Sunday, October 1
A while back, I promised to respond to Brent on a couple of points, so here goes.
Our culture has codes of conduct. Note that I don't mean arbitrary cultural beliefs; I'm talking about the standards embodied by the idea of dressing nicely when meeting with a customer. It's a matter of good culture. We encourage kids to avoid swearing just like we encourage them to comb their hair.
Why? Because these things are important. Culture is important. When you belong to a group, it's important to respect the cultural norms of that group.
Cultural norms of groups I still, in some sense, belong to include racism, homophobia, sexism, nationalism, strongly dogmatic religion, censorship, corporal punishment, a deep-seated respect for authority, a misplaced emphasis on organized athletics, contempt for scholarship, an aversion to rational thought, routine denial of empirical reality, and a highly developed hypocrisy of language. I generally don't respect these norms. The language thing may seem relatively minor, but I don't actually see any reason to encourage it.
Certainly hypocrisy is useful and sometimes necessary in the real world, and becoming an adult probably means realizing this.
Anyway, maybe all I needed to say is that I disagree: "Don't swear" is an arbitrary cultural belief, and simply lacks sufficient moral force to justify its imposition on free speech.
I like the Rule of St. Benedict, because Benedict addresses these sorts of issues in a beautifully practical way: Societies need simple rules, and humans in those societies needs to humble themselves to obey those rules (unless harmful). The best societies mute power, and this is one of the ways in which they do that.
(Similarly, allowing any and all language unleashes those who use language to abuse others, both directly and indirectly. We all know people who, if given the chance, won't shut up, abusing this power. Children have a particularly strong tendency towards this behavior.)
I have my issues with the first point, but it's the parenthetical statement that really interests me. I think it highlights something fundamental: If the educational environment is built on the assumption that things have to run smoothly, it follows that children should simply be constrained in that environment in order to prevent the behaviors you don't want. Strict, top-down rulesets and rigid, mandatory-minimums sorts of punishments should be in place to enforce the mechanics of the system, because the system and its correct functioning are the highest value.
As to behavior outside the system and its rules, we've always been given to understand that when you force kids to stop doing stuff, they'll forever afterwards Know Better. I think this last is demonstrably false, and the whole paradigm sort of falls apart on closer examination.
If you start out believing that education is a process wherein things work themselves out, with some help, and that it is usually messy and time consuming, then you can dispense with a lot of this.
At any rate, though I can't speak to other schools from personal experience, the system at Tamariki doesn't allow "any and all language", in the sense of personal abuse. This is not because it prohibits the right List of Bad Words. It is because the rules say that you can't use language to hurt other people - and the rules, unlike the forms of censorship most schools rely on, are subject to student input and enforcement, and apply as well to teachers.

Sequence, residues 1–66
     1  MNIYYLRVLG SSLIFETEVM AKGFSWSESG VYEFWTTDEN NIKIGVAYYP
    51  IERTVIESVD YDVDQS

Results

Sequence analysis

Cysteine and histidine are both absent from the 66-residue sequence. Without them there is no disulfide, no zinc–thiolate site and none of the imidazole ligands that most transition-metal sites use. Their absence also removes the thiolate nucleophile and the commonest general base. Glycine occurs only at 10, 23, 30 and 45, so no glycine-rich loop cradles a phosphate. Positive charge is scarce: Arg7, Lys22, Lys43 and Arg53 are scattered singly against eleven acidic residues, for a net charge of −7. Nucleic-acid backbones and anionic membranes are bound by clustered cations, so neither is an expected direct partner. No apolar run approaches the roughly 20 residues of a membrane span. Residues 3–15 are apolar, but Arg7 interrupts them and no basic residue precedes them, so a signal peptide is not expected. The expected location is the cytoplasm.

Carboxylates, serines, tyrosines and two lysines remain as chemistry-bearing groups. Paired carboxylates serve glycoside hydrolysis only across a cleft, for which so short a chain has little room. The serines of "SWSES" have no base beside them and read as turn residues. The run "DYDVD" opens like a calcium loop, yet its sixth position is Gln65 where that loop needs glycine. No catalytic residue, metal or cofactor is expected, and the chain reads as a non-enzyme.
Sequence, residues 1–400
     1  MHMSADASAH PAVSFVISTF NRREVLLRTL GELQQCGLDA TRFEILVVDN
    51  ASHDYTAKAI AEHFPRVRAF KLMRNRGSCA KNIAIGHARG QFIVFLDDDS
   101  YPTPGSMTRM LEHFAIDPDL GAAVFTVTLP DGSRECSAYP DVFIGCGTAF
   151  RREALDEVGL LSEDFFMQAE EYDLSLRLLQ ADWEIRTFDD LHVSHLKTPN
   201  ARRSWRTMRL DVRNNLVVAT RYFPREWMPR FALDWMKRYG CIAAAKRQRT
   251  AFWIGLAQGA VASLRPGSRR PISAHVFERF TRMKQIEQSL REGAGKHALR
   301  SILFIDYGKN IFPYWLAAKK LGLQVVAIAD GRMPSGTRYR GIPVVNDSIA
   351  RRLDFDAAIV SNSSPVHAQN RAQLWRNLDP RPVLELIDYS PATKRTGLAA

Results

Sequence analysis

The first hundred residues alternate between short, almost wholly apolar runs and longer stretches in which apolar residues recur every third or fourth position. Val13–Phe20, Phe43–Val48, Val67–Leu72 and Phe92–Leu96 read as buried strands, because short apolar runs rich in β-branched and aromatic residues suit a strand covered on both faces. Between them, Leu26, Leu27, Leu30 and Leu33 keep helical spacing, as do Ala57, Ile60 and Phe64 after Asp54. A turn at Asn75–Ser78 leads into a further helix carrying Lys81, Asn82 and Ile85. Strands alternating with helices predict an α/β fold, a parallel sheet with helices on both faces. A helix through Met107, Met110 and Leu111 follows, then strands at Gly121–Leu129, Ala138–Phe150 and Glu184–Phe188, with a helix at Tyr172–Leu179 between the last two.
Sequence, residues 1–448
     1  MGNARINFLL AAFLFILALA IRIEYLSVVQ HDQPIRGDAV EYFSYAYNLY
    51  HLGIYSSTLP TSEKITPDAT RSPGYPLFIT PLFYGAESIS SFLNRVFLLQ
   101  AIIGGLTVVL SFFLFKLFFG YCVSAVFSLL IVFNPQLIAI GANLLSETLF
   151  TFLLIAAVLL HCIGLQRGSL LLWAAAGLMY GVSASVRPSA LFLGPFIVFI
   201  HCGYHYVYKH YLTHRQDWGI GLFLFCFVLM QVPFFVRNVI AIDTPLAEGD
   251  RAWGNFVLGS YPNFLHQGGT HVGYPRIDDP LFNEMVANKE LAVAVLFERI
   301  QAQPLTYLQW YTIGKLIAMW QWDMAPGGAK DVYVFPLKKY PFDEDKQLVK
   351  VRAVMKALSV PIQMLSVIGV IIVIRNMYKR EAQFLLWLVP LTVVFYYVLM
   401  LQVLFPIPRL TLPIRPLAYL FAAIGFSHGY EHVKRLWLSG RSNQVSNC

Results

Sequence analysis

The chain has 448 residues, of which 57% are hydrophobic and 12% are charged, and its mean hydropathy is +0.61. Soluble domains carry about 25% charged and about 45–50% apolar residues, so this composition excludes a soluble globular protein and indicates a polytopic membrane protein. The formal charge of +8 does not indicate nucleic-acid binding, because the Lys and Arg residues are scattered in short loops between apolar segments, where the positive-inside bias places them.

Brent's final points are about the scalability of democratic ed:
Seriously, I think that education of the sort Brennen is advocating does not scale.
Note that this can be okay, depending on the type of education you want. If you want a holistic education that prepares a child ethically and philosophically, you can't find it in public education. That sort of thing simply doesn't scale up, from what I can see.
This is why I'd like to see public education become much more focused on skills. In my opinion, public education works best when it's teaching something relatively straightforward, rather than coaching a child in concepts of freedom, personal responsibility, etc.
I sort of think that it's not so much the concepts of freedom and personal responsibility we ought to be concerned about as it is their practice. They may not be straightforward, but I think there probably are not many skills more important than being free and taking personal responsibility. That said, I guess I would far rather see a school environment that focused purely on conveying useful skills than one full of mislabeled ethical content - is grading really about "accountability"?
Brent alludes to something important here: There is probably a long-term trend of expecting schools to fill more and more functions formerly left to family members or delegated to other social institutions (largely religious ones, I suppose).
(Put another way, asking why public education can't be like Tamariki is akin to asking why McDonald's can't serve six-course French meals. French cuisine works on a restaurant-by-restaurant basis, but not when you're trying to serve fifty million customers a day.)
I can't directly challenge the scalability thing. It's my biggest single problem with advocating any alternative educational program. Simply scaling Tamariki and applying it to the U.S. would require more (and different) teachers, a drastically different approach to facilities, the strong support of most parents for a system that would challenge their basic beliefs... In fact, it would require a radical shift in most of American society on a completely unprecedented scale. This is not going to happen.
Which I don't think changes the basic question: Why would you want to serve borderline-toxic shit to fifty million customers a day?
And on that note, I am going to sleep. More (if not more coherent) thoughts tomorrow.